Software today is woven through the entire fabric of modern life — and yet software innovation continues to explode in exciting new directions, driven by dynamic forces such as cloud and mobile computing. That’s why, as I step down this week as CEO of BSA, I am optimistic about the industry’s future. Looking forward, I believe the next few decades hold even more potential for innovation and growth than we have already seen up to this point.
Archive for the ‘Cloud Computing’ Category
This month negotiators from 11 countries are gathering in Singapore for an important round of negotiations on the Trans-Pacific Partnership (TPP) free trade agreement. As it happens, Singapore provides the perfect backdrop for understanding the opportunity countries have to expand trade in digital services. Singapore has vaulted into the tier of countries with the best policy frameworks to support the growth of information technology’s hottest sector right now: cloud computing. It has done so, as the new edition of BSA’s Global Cloud Computing Scorecard illustrates, by enacting a law that balances privacy protections for consumers with the regulatory flexibility to encourage business innovation.
It’s no secret that enterprises of all types and sizes are embracing cloud computing. Worldwide, that migration will add more than $1 trillion a year in new business revenues, according to research firm IDC. Less understood, however, is the fact that governments are promulgating a mismatched patchwork of laws and regulations that effectively chop the global cloud market into country-sized pieces. (more…)
Last week US Trade Representative Ron Kirk announced the Administration’s intention to start talks on an International Services Agreement (ISA) with Australia, Canada, the European Union, Japan, Korea, Mexico, and more than a dozen other trading partners. This is an ambitious undertaking, and it holds the potential to break wide open a services market of extraordinary potential for every industry involved, including technology and software services like cloud computing. (more…)
There are encouraging signs momentum is building in the debate about reforming the EU’s Data Protection Regulation. In the past few weeks, while the European Council and Parliament have continued scrutinizing a proposal put forward earlier this year by the European Commission, stakeholders have been carrying on a robust public discourse about how best to protect consumers’ privacy while encouraging the growth of the digital economy.
The Obama Administration and Congress have reached an inflection point in the wake of the 2012 election: The country is facing a steep “fiscal cliff” that no one wants to go over, but steering away from it will require policymakers to make difficult budgeting choices that few people will like.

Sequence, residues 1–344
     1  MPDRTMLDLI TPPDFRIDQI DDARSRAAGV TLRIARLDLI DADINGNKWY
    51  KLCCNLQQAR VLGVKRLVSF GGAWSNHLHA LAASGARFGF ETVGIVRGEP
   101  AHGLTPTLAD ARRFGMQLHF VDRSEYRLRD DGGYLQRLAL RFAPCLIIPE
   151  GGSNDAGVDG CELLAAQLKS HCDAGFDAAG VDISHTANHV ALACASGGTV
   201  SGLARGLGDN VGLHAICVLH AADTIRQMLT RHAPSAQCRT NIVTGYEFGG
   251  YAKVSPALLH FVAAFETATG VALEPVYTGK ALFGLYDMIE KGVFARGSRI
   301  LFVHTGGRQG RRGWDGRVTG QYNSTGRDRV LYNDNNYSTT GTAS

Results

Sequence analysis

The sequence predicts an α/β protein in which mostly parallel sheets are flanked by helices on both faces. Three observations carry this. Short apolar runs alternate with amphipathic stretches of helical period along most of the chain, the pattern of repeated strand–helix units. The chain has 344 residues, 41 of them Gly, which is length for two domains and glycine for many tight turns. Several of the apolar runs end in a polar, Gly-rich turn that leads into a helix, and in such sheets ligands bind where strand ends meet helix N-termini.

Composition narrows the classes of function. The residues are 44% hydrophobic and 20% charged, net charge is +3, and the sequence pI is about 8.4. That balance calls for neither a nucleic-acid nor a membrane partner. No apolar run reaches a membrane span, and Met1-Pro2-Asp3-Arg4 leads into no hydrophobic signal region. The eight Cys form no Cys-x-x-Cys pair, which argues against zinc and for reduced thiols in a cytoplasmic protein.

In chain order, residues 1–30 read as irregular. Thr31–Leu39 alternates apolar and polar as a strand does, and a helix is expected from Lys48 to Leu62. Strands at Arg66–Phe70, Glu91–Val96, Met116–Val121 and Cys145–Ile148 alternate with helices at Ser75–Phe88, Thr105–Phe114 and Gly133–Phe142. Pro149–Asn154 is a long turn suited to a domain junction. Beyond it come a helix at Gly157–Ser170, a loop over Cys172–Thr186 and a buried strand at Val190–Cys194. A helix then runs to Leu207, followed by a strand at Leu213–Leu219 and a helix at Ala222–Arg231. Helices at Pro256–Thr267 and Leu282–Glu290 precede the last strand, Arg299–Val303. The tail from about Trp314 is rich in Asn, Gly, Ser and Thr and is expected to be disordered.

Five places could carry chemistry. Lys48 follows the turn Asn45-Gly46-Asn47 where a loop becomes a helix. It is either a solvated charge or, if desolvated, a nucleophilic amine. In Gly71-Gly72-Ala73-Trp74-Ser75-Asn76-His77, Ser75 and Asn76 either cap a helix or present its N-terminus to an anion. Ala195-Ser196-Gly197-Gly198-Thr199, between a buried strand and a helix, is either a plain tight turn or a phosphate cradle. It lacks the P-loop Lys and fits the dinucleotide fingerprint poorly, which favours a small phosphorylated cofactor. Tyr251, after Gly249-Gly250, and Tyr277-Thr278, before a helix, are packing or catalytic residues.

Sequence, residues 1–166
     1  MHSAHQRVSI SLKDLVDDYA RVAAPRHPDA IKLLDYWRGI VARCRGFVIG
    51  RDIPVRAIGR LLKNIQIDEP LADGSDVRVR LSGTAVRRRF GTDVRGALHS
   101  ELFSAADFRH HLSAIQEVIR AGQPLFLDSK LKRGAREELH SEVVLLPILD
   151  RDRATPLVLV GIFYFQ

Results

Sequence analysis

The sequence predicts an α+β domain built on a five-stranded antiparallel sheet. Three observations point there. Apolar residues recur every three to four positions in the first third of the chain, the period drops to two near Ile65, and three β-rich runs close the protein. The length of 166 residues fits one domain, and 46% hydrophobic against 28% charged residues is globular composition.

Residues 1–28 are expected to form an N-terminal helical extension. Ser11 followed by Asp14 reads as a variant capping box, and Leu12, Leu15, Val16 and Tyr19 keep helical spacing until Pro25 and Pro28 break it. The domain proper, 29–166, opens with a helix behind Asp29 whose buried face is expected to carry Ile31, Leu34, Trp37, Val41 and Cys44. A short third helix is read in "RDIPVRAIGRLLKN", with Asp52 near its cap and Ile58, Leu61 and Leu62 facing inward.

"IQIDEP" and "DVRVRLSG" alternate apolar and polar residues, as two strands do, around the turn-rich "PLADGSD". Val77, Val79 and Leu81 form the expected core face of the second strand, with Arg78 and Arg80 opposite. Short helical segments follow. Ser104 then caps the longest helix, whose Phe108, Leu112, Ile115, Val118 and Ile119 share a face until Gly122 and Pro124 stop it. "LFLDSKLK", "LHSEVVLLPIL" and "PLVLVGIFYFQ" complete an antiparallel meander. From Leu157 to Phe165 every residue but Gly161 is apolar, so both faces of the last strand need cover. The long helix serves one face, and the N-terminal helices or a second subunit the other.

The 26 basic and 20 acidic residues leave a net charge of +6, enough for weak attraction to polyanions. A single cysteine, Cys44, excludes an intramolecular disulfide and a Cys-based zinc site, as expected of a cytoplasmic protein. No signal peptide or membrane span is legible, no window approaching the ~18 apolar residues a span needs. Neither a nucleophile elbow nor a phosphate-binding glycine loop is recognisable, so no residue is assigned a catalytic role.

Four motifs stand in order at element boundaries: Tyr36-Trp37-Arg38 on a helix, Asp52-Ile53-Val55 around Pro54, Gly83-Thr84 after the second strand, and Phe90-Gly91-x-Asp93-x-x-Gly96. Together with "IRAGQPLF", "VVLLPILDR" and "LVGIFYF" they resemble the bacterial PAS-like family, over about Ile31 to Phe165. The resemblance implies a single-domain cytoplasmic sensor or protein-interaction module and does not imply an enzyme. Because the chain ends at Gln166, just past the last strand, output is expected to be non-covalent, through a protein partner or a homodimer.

The software industry meanwhile has come to an inflection point of a different sort: Companies like those in BSA are innovating rapidly, but they face daunting challenges around the world as courts, lawmakers, and regulators adopt policies that are closing off access to key markets, undermining the business of developing and commercializing intellectual property, and imperiling the growth and evolution of cloud computing.
Three Ways the Administration and 113th Congress Can Accelerate the Digital Economy to Achieve Election Goals
The 2012 US election was about many things, but first and foremost it was about growing the economy and creating jobs. With the campaign now over, the Obama Administration and incoming 113th Congress can accomplish both of those goals in the innovation-driven IT sector by focusing on three big priorities: safeguarding intellectual property rights and protections, opening global markets to digital trade, and fostering the growth of cloud computing.
In the last four years, the Administration has made commendable progress in elevating intellectual property issues through a coordinated domestic effort and concerted dialogue with key trading partners. (more…)
Europe’s Commissioner for the Digital Agenda, Neelie Kroes, has released a long-awaited Communication entitled, “Unleashing the Potential of Cloud Computing in Europe.” The paper outlines a series of actions designed to drive European businesses and the public sector into the cloud. The goal is to create 2.5 million new European jobs and boost GDP in the Single Market to EUR 160 billion by 2020. (more…)
Trade officials from the United States and eight other Pacific Rim countries are meeting this week in Leesburg, Va., for the 14th negotiating round of the Trans-Pacific Partnership (TPP), an agreement noteworthy for many reasons, not least of which is the fact that it constitutes the first one of its kind in the cloud computing era.
The ability to deliver IT services over the Internet is easily the most exciting evolution in information technology in the last decade. In the past, only big corporations could afford high-end data-processing tools and facilities. Now, everyone has cost-effective access to infinitely scalable services. That offers huge economic benefits — especially for small and medium-sized enterprises, which can start up and grow faster than ever before. (more…)
With cloud computing, the opportunity is clear. Public IT cloud revenue will grow to more than $70 billion by 2015. Even more significant, innovation enabled by the cloud will generate more than a trillion dollars in revenue over the next few years according to one estimate, and will create millions of jobs around the world. The trouble is, many governments are working to seize the cloud opportunity in misguided ways, such as by walling off domestic markets so local players can operate free of international competition. (more…)